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Southern Railway
10 Ton ventilated covered goods van No.44611

SR No.44611 as restored - Richard Salmon - October 2004

No.44611 as restored, October 2004. Richard Salmon
Details and photographs of the restoration work are here.

At the "Grouping" of 1923, most goods were still carried in open wagons, protected by a tarpaulin where necessary. Goods vans such as this were designed to carry goods that required greater security and/or protection from the elements.

Built in the Southern Railway's workshops at Ashford (Kent) during week ending 26th. December 1931, 44611 was one of a lot of 450 covered goods vans to diagram 1429 and order A640 built at an average cost of £142 each. Although the body was a standard SR type (developed from a SECR design - see SECR No.15750), this batch of vans utilised ex-LSWR wheelsets, bearings, axleboxes and springs. The 4 inch diameter journals on the ex-LSWR 9x4 wheelsets necessitated a restricted load of 10 Tons. Later versions with standard 4 1/4 inch diameter journals could carry 12 Tons. Fitted with a handbrake only, its tare weight is 6 tons 17cwt. 0q.

Throughout the 1950s, British Railways significantly increased the number of vacuum braked goods vans in its fleet through both new build and conversion of older unfitted vans. However the riding quality of older vehicles with a 9 feet wheelbase (such as 44611) necessitated a reduction in maximum speed and made them less viable for conversion.

During the late 1950s and early 1960s, British Railways' market share of freight traffic steadily declined. Public confidence had been shattered by a national rail strike in 1955, the first since the General Strike of 1926. There had been changes in road regulation allowing lorries to travel at speeds in excess of 30 m.p.h. on trunk roads. More lorries were appearing with the more efficient diesel engine. The first stretch of the M1 motorway opened in 1959.

44611 at Langley in 1980 S44611 was found to be surplus to requirements and on 10th October 1962 British Railways sold and delivered the van to Stacey & Co., a firm of wood flour millers at Langley (Bucks). It was modified by them with an end door and tailboard for use as a mobile store, this use continuing even after the main line rail connection had been severed (see the 1980 view, right, by Martin Allen). 44611 was purchased from the company by Martin Skrzetuszewski for the Bluebell Railway, arriving on 9th May 1980.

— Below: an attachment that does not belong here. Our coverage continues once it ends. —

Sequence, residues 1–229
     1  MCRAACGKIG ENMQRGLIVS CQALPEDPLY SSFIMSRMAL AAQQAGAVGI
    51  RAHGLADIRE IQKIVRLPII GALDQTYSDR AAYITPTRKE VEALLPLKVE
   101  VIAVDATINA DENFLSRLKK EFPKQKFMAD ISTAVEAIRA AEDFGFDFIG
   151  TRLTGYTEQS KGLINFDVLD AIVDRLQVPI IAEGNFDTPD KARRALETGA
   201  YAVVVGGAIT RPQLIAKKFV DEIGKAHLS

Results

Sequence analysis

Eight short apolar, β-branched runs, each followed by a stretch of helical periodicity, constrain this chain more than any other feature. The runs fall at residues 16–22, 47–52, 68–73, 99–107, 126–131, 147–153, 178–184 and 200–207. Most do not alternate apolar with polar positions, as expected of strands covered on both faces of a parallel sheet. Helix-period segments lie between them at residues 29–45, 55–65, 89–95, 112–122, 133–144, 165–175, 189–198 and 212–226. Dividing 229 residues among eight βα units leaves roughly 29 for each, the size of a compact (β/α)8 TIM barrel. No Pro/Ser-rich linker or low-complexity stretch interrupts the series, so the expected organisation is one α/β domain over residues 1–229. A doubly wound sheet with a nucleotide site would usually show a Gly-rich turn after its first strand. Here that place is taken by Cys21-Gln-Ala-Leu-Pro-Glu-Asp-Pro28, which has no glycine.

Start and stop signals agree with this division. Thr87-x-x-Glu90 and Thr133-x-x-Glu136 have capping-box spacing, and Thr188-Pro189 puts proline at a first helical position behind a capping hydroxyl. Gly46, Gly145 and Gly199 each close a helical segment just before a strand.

Initially, the tailboard was removed, the roof repaired and the vehicle was repainted, subsequently being used for the storage of locomotive spares at Sheffield Park. When it was no longer needed for this purpose, it was moved to Horsted Keynes and stored in the up yard sidings. The view below (by Graeme Pettit) shows it in this latter location.

44611 at Horsted 44611 was overhauled by a team of Bluebell volunteers at Horsted Keynes during the summer and early autumn of 2004, with funding from the profits of the previous Christmas' mince pie sales plus a substantial donation of good quality used timber. Details and photographs of the work are here. New doors were made for the van. The timber of the floor and lower parts of the body-sides was completely replaced, and the roof re-covered. The biggest work was on the north end, where the door had been cut in the end. The restoration to SR condition included replacing a missing steel end pillar with one from another scrapped van, fabricating a new steel end-ventilator hood, and also replacing a buffer casting of incorrect pattern with one from a scrapped wagon.

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Photos © Graeme Pettit, Martin Allen and Richard Salmon.
Last updated by Nick Beck, 24 January 2014 and by Richard Salmon, 9 December 2022
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